Forget Tony Abbott’s boasts about how many jobs have been created since his government was elected.
The facts are that the labour market is weak, and the incentive for business to put on more staff is low (though the ANZ job ads survey out early this week indicated employers are increasingly looking to hire).
Not only has the unemployment rate (6.4 per cent last month) jumped to its highest point in almost 13 years, the average hours worked each week is stuck around a record low 31.7 hours.
In practice, it means there is plenty of scope for employers to bump up the hours of existing staff before they need to start thinking of hiring someone extra.
Today’s labour force figures simply reinforce Reserve Bank of Australia warnings that the growth outlook is underwhelming – the central bank expects the economy to have expanded by just 2.25 per cent in the 12 months to June this year, and doesn’t expect any major improvement until into 2016.
There are some positives. The exchange rate is hovering around $US0.76, interest rates are at a multi-decade low of 2.25 per cent, petrol prices have tumbled in recent weeks and consumer sentiment has jumped.
But the improved outlook of households is likely to be short-lived as worries about job security and political turmoil in Canberra drag on confidence.
Altogether, it is not a great time to be framing a federal budget, with little reason to think that the huge slowdown in revenues from company and personal income tax will be reversed any time soon.
If ever the nation needed to have a serious conversation about broadening the tax base and reigning in tax expenditures (which were worth $113 billion in 2009- 10 alone), this is the time.
As Stephen Bartos noted in testimony to the inquiry into the establishment of the Parliamentary Budget Office, “tax expenditures are the unloved orphan of fiscal scrutiny, paid little attention and not well understood and analysed”.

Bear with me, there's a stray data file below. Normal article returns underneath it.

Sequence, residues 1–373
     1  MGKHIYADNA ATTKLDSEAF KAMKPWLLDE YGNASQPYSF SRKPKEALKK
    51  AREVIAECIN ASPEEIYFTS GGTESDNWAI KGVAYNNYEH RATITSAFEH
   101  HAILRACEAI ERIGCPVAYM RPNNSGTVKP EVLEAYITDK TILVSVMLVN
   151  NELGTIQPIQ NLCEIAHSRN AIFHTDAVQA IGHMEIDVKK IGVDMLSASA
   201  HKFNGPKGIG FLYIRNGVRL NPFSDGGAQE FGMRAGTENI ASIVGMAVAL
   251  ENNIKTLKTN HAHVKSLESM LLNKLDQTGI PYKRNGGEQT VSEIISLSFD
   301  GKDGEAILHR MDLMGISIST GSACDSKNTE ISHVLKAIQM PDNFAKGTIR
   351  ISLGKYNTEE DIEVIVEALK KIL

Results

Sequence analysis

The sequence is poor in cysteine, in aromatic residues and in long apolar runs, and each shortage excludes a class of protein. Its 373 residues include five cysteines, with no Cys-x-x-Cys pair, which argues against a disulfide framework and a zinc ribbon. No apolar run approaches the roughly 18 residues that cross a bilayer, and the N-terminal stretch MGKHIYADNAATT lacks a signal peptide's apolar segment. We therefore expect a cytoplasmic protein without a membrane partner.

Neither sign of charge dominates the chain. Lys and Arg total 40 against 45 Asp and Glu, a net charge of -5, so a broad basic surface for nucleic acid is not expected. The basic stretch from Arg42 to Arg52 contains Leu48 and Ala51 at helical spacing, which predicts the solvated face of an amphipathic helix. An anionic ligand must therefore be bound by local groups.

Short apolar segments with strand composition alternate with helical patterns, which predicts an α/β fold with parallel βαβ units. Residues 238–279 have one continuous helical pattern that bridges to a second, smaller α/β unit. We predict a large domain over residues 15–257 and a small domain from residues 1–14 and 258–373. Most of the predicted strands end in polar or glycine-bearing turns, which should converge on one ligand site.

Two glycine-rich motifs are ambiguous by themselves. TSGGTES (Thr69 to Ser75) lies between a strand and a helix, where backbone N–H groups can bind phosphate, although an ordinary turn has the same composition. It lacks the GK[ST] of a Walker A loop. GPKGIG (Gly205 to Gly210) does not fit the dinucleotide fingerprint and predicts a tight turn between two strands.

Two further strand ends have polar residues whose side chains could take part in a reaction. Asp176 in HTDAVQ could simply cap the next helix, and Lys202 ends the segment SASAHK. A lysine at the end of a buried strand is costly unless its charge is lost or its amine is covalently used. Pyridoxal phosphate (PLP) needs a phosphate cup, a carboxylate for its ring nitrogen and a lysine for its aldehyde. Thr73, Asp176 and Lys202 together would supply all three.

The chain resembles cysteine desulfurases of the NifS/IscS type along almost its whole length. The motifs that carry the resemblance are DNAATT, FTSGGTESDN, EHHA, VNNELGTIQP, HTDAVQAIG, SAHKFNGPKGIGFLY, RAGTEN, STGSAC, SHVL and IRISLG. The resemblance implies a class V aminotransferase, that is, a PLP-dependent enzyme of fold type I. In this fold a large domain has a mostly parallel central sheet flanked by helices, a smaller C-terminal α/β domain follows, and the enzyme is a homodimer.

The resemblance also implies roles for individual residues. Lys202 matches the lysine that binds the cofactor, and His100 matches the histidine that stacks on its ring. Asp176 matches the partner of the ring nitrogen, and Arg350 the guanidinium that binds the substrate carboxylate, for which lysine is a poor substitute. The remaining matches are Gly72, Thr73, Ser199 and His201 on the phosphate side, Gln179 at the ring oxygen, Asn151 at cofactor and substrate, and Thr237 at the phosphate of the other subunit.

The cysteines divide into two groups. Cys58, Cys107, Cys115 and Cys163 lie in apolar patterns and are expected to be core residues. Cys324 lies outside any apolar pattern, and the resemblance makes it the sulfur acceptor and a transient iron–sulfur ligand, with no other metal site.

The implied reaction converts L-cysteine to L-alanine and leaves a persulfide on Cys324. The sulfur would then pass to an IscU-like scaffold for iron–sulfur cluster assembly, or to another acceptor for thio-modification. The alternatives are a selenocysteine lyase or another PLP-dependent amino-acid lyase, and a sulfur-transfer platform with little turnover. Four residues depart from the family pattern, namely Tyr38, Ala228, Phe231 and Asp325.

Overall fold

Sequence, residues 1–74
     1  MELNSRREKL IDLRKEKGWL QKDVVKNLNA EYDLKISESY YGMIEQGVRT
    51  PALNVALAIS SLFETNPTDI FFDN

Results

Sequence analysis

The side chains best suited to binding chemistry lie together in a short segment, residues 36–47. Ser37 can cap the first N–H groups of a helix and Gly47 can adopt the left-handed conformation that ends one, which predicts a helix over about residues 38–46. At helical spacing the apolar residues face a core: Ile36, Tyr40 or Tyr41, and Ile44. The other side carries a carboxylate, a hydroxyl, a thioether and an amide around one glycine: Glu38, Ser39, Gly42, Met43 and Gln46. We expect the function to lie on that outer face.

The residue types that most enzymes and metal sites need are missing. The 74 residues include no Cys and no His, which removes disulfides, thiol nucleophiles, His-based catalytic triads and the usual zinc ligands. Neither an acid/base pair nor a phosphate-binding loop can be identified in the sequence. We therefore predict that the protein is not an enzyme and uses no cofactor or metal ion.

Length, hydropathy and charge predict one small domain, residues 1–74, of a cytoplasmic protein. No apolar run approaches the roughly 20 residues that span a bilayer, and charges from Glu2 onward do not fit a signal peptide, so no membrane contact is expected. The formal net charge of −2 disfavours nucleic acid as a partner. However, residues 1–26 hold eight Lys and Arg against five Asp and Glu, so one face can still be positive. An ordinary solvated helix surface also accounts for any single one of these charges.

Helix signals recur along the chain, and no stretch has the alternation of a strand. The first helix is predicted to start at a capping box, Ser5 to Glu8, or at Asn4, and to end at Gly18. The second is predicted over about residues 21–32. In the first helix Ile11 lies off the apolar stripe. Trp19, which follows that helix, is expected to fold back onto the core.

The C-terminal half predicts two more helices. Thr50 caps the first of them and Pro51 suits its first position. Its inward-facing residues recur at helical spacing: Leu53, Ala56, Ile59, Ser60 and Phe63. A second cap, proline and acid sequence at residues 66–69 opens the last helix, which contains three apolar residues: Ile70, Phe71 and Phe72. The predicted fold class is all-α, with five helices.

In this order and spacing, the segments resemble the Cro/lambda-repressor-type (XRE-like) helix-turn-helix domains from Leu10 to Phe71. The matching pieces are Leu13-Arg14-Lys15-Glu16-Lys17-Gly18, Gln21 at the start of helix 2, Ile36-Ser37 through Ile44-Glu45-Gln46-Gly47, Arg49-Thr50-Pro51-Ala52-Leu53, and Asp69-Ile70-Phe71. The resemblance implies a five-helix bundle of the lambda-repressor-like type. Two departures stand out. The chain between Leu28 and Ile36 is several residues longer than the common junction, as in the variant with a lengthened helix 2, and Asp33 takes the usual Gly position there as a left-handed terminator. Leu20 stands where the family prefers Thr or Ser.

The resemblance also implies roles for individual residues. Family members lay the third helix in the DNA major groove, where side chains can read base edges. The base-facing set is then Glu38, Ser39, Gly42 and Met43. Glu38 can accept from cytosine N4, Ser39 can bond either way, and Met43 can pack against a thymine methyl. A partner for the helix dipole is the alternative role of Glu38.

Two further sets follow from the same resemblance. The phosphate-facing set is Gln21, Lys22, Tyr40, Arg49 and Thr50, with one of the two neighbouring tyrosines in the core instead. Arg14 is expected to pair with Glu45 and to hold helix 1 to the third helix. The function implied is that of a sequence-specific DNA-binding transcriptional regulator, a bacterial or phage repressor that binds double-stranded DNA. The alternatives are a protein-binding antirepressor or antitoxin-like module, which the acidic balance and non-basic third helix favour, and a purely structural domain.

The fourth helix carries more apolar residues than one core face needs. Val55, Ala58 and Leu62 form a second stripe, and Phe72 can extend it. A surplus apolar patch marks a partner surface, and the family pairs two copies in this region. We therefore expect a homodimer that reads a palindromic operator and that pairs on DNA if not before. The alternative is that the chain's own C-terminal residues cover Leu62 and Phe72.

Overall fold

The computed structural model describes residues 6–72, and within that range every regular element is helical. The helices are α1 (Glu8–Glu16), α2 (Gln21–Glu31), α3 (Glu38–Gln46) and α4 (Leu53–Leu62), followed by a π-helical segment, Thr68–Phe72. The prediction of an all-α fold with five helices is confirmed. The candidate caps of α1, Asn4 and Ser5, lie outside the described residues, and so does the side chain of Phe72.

It is time to change that.
Tag Archives: abbott government
Forget Tony Abbott’s boasts about how many jobs have been created since his government was elected.
The ugly position the Abbott Government finds itself in has been underlined by the latest tax revenue and public expenditure figures from the official statistician.
A lot of attention will probably be drawn to the 15 per cent plunge in tax receipts across all levels of government in the September quarter to less than $100 billion.
There is no doubt that tumbling commodity prices and weak wages growth are weighing heavily on the Budget ledger – Deloitte Access Economics reckons the write-downs will push the Budget deficit to $34.7 billion this financial year – $5 billion more than the Government forecast in May.
But the steep 15 per cent fall reported by the Australian Bureau of Statistics today is hardly unexpected – it happens every year at this time. Historically, the three months to September is the weakest quarter for tax collections, for the obvious reason that most corporations settle their annual tax bill in the June quarter.
What is more telling is the ABS’s assessment that Commonwealth spending (ex-defence) grew 2.2 per cent in the September quarter and is up more than a 1 per cent from where it was when the Coalition came to office little more than a year ago.
The Government will probably claim that this is because so many of its Budget savings measures have been stymied by a hostile Senate.
But they should not be let off the hook so easily.
Take the $7 Medicare co-payment proposal, which is languishing on the Government’s books and hasn’t even made it onto Parliament’s agenda yet.
The Government claims it will save $3.5 billion by slicing $5 from Medicare rebates for GP, pathology and diagnostic imaging services. But this money has not been slated to improve the Budget bottom line.